My ‘project’ is the Regularity, a library for working with regular languages and automata. We get a lot of A-plot Haskell mixing with B-plot theory of computation.

After implementing a few kinds of NFA (and seeing that they’re much more efficient than naive “find all matches” regex matching), I turned to Brzozowski derivatives. Most undergraduates aren’t exposed to the idea of derivatives outside of a calculus class, so I thought it’d be fun to show. Here’s the implementation, from Regex.hs:

```data Regex =
Empty
| Epsilon
| Char Char
| Seq !Regex !Regex
| Alt !Regex !Regex
| Star !Regex
deriving (Eq, Ord)

dMatches :: Regex -> Text -> Bool
dMatches re t = nullable (T.foldl (flip deriv) re t)

-- re `matches` c:s iff deriv c re `matches` s
deriv :: Char -> Regex -> Regex
deriv _c Empty         = empty
deriv _c Epsilon       = empty
deriv  c (Char c')     = if c == c' then epsilon else empty
deriv  c (Seq re1 re2) =
alt (seq (deriv c re1) re2) (if nullable re1 then deriv c re2 else empty)
deriv  c (Alt re1 re2) = alt (deriv c re1) (deriv c re2)
deriv  c (Star re)     = seq (deriv c re) (star re)

-- `nullable re` returns true iff re accepts the empty string
nullable :: Regex -> Bool
nullable Empty         = False
nullable Epsilon       = True
nullable (Char _)      = False
nullable (Seq re1 re2) = nullable re1 && nullable re2
nullable (Alt re1 re2) = nullable re1 || nullable re2
nullable (Star _re)    = True
```

It only took a few minutes to implement the derivatives, and performance was… fine. Thinking it would be nice to show the concept, I did smart constructors next:

```empty :: Regex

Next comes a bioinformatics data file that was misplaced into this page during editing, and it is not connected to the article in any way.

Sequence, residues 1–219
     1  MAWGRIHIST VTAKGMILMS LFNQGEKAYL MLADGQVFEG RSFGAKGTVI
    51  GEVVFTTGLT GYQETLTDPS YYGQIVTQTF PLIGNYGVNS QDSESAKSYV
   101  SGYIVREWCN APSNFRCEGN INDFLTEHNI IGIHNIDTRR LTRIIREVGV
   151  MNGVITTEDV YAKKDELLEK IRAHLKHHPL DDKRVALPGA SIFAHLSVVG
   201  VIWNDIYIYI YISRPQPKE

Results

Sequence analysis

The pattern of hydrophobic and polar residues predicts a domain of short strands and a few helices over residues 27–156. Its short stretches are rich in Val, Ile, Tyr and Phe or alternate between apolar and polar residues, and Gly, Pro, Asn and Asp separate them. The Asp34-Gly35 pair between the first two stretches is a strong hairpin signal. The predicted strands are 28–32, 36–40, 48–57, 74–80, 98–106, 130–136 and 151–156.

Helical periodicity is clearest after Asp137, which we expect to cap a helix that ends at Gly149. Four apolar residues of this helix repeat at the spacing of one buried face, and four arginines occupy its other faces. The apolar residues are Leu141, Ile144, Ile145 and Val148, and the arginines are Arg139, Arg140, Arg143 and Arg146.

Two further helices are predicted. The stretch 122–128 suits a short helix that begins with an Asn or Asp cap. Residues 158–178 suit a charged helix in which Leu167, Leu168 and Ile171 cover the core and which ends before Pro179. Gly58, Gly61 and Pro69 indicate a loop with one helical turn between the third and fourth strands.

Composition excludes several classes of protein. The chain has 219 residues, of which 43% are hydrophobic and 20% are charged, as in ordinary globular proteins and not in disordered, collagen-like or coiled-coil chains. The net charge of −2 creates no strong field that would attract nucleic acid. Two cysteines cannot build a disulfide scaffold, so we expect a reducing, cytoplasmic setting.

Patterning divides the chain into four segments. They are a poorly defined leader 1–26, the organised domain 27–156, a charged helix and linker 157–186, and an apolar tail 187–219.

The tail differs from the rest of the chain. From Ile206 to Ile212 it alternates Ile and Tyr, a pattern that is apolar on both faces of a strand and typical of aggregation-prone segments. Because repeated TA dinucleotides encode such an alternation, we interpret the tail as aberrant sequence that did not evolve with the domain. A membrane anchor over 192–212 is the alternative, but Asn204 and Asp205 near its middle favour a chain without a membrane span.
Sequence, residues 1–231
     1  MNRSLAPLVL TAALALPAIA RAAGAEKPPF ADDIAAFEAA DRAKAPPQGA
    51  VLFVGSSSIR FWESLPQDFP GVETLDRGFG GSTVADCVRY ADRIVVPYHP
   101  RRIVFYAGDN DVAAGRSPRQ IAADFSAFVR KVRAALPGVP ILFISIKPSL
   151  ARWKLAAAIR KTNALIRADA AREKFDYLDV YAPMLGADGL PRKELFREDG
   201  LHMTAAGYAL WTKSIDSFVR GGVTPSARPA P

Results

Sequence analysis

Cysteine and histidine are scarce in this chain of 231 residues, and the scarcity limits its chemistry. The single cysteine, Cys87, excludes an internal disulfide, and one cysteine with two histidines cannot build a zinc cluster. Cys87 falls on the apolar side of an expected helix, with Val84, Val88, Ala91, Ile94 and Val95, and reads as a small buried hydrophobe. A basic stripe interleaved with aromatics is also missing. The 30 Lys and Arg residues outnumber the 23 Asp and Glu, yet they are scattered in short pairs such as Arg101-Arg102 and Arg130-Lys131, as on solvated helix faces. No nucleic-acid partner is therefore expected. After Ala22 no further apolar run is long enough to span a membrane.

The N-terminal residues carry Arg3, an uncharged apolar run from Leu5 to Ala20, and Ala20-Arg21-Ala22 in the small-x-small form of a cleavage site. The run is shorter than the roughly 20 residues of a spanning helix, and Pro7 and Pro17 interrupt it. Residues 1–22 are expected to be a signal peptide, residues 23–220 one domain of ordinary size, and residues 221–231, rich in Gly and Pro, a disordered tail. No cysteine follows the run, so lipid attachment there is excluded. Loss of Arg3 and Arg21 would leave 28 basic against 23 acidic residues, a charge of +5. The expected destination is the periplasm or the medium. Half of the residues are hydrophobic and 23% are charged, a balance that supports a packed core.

empty = Empty

epsilon :: Regex
epsilon = Epsilon

char :: Char -> Regex
char = Char

seq :: Regex -> Regex -> Regex
seq Epsilon re2     = re2
seq re1     Epsilon = re1
seq Empty   _re2    = Empty
seq _re1    Empty   = Empty
seq re1     re2     = Seq re1 re2

alt :: Regex -> Regex -> Regex
alt Empty   re2     = re2
alt re1     Empty   = re1
alt Epsilon re2     = if nullable re2 then re2 else Alt Epsilon re2
alt re1     Epsilon = if nullable re1 then re1 else Alt re1 Epsilon
alt re1     re2     = if re1 == re2 then re1 else Alt re1 re2

star :: Regex -> Regex
star Empty     = Epsilon
star Epsilon   = Epsilon
star (Star re) = Star re
star re        = Star re
```

But then something surprised me: with smart constructors, the Brzozowski-based matching algorithm was substantially faster than NFAs, with or without ε transitions!

How much faster? Here are the times as reported by criterion.

Matching (a|a)* …on a50 …on a100
Naive, all-matches 71.4 µs 255   µs
NFA with ε transitions 31.6 µs 55.0 µs
NFA 4.88µs 9.29µs
Brzozowski derivative, dumb constructors 61.8 µs 262   µs
Brzozowski derivative, smart constructors 1.88µs 3.73µs

I knew smart constructors were an optimization, but I was blown away! If you didn’t know about smart constructors, you might shrug off Brzozowski derivatives as a curiosity for math dweebs. But with just a tiny bit of optimization from smart constructors, Brzozowski derivatives offer the best performance and the simplest implementation, at least on these meager tests.

It would be interesting to dig into why the dumb constructors are so slow. It doesn’t seem to be laziness, so is it just allocation churn? (We’re not even using hash-consing, which can provide another performance boost.) Is it large, redundant regexes? Something else?

Regular-expression derivatives re-examined by Owens, Reppy, and Turon is closely related and worth a read! Relatedly, Neel Krishnaswami has some lovely theoretically discussion, too.